By Jared Chausow
By Katie Toth
By Elizabeth Flock
By Albert Samaha
By Anna Merlan
By Jon Campbell
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But the wily old Republican, savvy leader of the state senate, knew luck when he spotted it coming his way down the road. Two days after he read the report that lifted his spirits like a clear Adirondack morning, the 78-year-old senator headed for his favorite summer retreat, the racetrack at Saratoga. The press followed him there, and he gathered them around and gave a speech. This was "a really serious matter," he said. There had been "abuse of a state resource . . . political espionage." He had a message for Spitzer, a former prosecutor no less: "You have got to have integrity, governor. You've got to tell the truth."
It was the best-attended press conference Bruno has had since December, when he admitted that, yes, the FBI was asking him questions, and yes, they apparently thought something was amiss in the relationship between his consulting company and state monies he'd doled out. And no, he could not go into details because his lawyers wouldn't let him.
Back then, the FBI was only one of his problems. His Republican majority in the senate had slipped to just two, thanks to this Spitzer, who had taken a seat away from him on Long Island. The new governor had broken with the old rules, vowing to have his Democrats take power in Bruno's house as well as the assembly. No one had heard this kind of talk in Albany in decades. The previous Democrat in the governor's mansion, Mario Cuomo, father of the attorney general who issued the report, had understood the way things were: Republican control of the senate was one of those immutable facts of Albany life, like the little gift bags the lobbyists used to pass out at their cocktail parties before spoilsports like Spitzer ruined that, too. Those were dark, lousy days. But that was then.
When he finished his speech at Saratoga on Wednesday, the sun was shining brilliantly. Bruno went straight to the track. In his regular box there, he sipped a cool beverage, his snowy white hair bobbing up and down as he greeted friends and well-wishers. The race touts along the rail looked up and clucked. Look at that Joe Bruno, they said, there's one lucky SOB. See what horse he's betting on.
Eliot Spitzer's ham-handed assistantsthe ones who committed aggravated idiocy by abusing the state's wonderful Freedom of Information Law in their zest to nail the GOP bossaren't Joe Bruno's only guardian angels. His cause would be lost without the funds to finance electoral campaigns, and in recent years, there has been one angel by his side through the good times and the bad: Michael Bloomberg, mayor, has been ever willing to reach into his pocket to help pay for Bruno's campaigns.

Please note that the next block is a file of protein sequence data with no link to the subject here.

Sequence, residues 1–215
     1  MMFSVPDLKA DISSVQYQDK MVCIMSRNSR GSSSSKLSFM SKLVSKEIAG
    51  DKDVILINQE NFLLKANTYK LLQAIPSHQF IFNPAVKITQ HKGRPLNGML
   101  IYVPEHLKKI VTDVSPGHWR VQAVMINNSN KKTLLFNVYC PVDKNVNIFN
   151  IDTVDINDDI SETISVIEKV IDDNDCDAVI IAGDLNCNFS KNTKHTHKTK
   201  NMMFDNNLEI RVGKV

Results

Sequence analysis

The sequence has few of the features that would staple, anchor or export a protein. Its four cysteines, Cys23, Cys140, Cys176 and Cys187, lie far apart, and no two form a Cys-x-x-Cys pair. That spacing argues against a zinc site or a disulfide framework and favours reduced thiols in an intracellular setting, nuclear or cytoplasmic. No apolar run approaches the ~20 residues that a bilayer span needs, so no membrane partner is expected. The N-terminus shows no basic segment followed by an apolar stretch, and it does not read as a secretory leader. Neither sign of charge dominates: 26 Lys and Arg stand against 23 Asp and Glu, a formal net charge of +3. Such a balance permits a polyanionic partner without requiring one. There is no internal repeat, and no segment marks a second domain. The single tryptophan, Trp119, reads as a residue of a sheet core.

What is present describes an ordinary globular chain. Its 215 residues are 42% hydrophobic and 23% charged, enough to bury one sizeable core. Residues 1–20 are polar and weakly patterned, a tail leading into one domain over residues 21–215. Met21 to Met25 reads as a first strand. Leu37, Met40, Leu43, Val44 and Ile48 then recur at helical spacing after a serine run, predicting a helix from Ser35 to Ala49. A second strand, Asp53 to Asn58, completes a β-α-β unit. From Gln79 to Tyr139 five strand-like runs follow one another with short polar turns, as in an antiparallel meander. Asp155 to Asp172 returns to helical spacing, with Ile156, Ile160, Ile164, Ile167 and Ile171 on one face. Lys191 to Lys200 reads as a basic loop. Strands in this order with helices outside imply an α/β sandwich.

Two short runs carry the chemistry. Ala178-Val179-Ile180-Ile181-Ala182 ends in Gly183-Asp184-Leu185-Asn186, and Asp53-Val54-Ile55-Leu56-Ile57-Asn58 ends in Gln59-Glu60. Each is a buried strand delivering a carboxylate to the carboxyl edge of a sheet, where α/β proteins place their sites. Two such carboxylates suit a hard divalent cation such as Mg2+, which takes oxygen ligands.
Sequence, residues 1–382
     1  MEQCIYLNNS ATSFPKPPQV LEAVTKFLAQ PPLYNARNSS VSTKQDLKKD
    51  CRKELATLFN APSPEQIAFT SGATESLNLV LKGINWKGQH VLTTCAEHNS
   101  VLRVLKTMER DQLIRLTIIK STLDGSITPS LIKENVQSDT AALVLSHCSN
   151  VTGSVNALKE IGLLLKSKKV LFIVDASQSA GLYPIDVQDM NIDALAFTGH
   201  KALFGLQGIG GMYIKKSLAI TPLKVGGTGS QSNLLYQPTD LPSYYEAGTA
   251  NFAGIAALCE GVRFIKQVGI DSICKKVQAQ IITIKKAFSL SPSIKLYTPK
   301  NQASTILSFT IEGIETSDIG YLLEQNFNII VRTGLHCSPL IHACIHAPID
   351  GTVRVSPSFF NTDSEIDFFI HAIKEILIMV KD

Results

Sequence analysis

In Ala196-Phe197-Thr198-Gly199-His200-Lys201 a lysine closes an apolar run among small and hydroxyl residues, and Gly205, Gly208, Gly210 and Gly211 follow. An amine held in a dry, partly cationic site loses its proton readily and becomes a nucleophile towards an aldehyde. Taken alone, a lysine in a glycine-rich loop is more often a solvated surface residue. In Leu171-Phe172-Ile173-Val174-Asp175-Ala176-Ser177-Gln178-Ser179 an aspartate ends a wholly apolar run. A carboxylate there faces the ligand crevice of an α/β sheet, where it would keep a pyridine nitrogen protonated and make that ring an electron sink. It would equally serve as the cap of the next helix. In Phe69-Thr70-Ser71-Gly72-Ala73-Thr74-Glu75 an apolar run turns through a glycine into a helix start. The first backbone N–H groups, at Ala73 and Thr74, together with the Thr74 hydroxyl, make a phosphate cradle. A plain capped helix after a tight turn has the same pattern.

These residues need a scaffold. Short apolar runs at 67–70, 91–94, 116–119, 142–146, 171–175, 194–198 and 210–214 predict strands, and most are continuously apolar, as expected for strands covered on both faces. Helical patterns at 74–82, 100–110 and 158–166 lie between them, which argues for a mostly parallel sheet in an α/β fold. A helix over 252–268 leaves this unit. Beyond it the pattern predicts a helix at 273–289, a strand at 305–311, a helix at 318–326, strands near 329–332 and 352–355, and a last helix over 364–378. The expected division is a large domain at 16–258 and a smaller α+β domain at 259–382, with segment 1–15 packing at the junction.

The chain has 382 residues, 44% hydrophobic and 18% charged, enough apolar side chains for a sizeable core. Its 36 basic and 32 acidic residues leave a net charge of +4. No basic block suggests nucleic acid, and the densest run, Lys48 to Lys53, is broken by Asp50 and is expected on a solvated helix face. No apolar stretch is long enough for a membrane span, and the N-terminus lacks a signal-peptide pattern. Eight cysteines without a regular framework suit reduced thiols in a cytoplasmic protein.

Last fall, as Spitzer's tsunami threatened to wash away the senate's Republicans on his way into office, Bloomberg stepped forward with a timely $500,000 contribution to Bruno's senate campaign committee. The seawall held. In January, when the newly elected governor forced a new election for a Nassau County senate seat, the mayor came up with another $250,000 for the Republican cause. Bruno's candidate lost, but Bloomberg's solidarity was true.
Then, in mid-June, came the disturbing message from the mayor that he was leaving the Republican Party, changing his voter registration to that of "non-affiliated." Bloomberg sent a message to Bruno: Don't worry, I will still stand by you.
In case Bruno had any doubts about the matter, there arrived at the offices of his senate campaign committee a check for $100,000 from a Manhattan firm called Geller & Co. It is an accounting business run by a man named Martin J. Geller, who happens to be the mayor's personal accountant (he is also a registered Democrat, but go figure).
The two men are so close that Geller sits on a four-person executive committee that serves as guardian of the mayor's interest in his huge financial information company, Bloomberg LP, estimated value $20 billion. Now that is trust.
In an amazing coincidence, Geller's $100,000 check was dated June 15, the very day that the mayor dispatched a messenger to the offices of the city's Board of Elections to deliver his divorce papers from the GOP.
Bloomberg's party-affiliation change came as he moved around the country, giving stirring speeches about getting guns off the streets and rallying mayors everywhere to join him in condemning the failure of both political parties to push harder for gun-control legislation.
The biggest enemy, Bloomberg said in his speeches, was the National Rifle Association, which bought off legislators with its contributions. Shameful, said the mayor. The speeches were so inspiring that people started to talk about Bloomberg for president. "I am not a candidate," the mayor said. Then he started a website called Mike2008.com.